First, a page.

As the tourist season in Croatia approaches, challenges affecting the industry for a while now are expected to cause issues, especially with the peak of summer.
Based on current reservations and agency interest, Croatian tourism numbers this year are expected to exceed the figures from 2019.
However, experts point out that it is crucial to consider important aspects of tourism planning beyond mass tourism and profits. These include ecological concerns, transportation, public infrastructure, and pressing social issues. While these topics were previously discussed, they have been forgotten in recent years.
The tourism sector is worried about losing market competitiveness, which has become a new concern. The previous threat of climate change and pollution has taken a back seat.
There is a strong link between ecology and tourism in Croatia, particularly with the upcoming tourist season. If the country's current approach to tourism management continues to ignore the importance of ecological sustainability, which is crucial for the industry's long-term viability, it could pose a significant threat to the country's economy.
"The post-pandemic tourism resurgence will undoubtedly have a negative impact on the environment and wildlife in the form of increased demand," Hrvoje Radovanovic, the head of the nature protection program of Green Action/Zelena Akcija, stated. The current focus of the tourism industry's development planning is still primarily geared toward attracting more visitors, extending the season, and promoting tourism in some areas of the country. However, there have been attempts to make Croatian tourism more eco-friendly, with visitors taking the initiative to be more environmentally aware.
As indicated by last year's water supply issues in many areas of Istria and elsewhere, experts noted that the infrastructure in many sections of Croatia, particularly those near the coast, cannot handle such a high number of tourists. As the number of visitors increases, disposing of their trash and wastewater has become a pressing environmental concern. Additionally, the development of tourism infrastructure, such as concrete pouring and apartment construction, has caused damage to the local ecosystem, making it another essential issue for environmental protection.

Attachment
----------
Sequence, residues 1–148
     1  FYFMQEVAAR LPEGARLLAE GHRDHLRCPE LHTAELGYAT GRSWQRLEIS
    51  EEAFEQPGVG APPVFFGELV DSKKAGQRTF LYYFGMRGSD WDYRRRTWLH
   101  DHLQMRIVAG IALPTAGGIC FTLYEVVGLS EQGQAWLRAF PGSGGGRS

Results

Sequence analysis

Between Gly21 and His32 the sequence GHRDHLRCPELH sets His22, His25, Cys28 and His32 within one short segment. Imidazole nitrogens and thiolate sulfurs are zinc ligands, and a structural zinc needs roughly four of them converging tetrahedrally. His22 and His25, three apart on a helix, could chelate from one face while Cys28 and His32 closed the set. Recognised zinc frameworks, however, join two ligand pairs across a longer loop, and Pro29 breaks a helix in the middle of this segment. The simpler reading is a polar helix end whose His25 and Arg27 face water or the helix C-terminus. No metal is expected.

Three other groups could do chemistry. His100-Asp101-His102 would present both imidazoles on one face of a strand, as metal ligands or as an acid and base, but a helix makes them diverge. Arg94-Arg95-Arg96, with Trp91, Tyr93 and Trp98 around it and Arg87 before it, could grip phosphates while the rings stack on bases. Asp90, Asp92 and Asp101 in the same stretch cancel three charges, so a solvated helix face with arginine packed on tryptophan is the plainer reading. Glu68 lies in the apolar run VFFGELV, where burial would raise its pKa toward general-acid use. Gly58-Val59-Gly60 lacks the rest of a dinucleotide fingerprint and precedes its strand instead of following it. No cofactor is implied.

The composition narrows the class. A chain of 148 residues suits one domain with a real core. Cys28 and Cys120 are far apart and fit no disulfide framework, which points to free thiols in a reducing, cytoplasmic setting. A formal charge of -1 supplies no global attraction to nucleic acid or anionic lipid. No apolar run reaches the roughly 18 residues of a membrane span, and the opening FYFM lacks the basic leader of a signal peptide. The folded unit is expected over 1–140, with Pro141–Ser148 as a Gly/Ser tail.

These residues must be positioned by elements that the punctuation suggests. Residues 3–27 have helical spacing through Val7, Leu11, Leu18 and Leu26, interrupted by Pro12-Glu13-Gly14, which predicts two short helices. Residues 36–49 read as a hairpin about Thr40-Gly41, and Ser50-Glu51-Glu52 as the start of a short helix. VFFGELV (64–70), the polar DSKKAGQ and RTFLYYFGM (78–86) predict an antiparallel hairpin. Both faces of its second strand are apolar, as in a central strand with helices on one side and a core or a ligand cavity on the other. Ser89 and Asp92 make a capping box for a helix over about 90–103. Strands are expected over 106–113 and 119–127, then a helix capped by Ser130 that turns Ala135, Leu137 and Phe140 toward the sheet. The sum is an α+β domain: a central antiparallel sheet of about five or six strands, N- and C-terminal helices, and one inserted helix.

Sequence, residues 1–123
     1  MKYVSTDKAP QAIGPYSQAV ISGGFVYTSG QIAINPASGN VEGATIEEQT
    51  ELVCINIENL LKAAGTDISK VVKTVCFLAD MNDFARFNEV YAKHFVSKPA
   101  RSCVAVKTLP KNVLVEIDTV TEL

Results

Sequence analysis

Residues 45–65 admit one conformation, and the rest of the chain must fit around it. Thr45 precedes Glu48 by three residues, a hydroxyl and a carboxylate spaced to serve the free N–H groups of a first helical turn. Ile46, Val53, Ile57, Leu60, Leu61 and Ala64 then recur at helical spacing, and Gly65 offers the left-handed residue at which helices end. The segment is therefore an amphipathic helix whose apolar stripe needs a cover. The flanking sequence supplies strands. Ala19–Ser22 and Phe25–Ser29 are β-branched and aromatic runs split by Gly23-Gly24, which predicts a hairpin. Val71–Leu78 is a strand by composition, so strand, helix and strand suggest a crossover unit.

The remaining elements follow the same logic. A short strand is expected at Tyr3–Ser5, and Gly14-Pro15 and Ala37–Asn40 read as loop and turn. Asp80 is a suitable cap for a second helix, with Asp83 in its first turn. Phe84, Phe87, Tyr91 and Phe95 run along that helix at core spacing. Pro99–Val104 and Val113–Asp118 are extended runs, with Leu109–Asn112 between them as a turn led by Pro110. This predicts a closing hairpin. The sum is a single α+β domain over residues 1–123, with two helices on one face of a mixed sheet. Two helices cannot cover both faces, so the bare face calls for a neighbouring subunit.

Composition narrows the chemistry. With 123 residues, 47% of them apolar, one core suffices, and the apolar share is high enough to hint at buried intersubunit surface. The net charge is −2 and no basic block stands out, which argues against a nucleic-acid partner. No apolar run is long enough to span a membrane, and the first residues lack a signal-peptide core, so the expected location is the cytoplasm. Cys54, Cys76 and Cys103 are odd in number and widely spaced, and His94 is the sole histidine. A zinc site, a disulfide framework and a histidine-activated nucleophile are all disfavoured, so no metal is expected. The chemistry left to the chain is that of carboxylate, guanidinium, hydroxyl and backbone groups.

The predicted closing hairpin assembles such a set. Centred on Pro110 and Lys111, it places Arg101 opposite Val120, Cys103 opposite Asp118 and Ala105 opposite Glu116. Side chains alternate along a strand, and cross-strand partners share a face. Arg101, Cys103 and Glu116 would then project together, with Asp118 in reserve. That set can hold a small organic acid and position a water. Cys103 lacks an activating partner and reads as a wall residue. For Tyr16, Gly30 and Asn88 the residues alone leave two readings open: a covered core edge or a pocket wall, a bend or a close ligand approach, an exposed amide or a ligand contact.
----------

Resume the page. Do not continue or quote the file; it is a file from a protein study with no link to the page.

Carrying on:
Even protected areas have been affected by tourism
If the primary goal of tourism development is the unrestricted growth of visitors and overnight stays, the industry will face increasing environmental pressure.
Unfortunately, there is also a controversial matter of the labor shortage in the tourism industry. The country is estimated to have 60,000 workers who could work as waiters, chefs, bartenders, and other travel service-related jobs. Unfortunately, employers in Croatia, except the more reliable ones like the larger hoteliers, continue to underpay their employees, making it difficult to keep workers from prior Croatian tourism seasons.
Since workers from Central and East Asia are invited to work in Croatia, it is already relatively well known that Croats have been migrating to the northwest of the EU for years.
This summer, the issue of Croatia's ongoing labor shortage is particularly noticeable. Although it's undoubtedly nothing new, the labor shortage problem has become more complicated. Croatian employers must realize that they must sacrifice some of their profits to pay their workers better.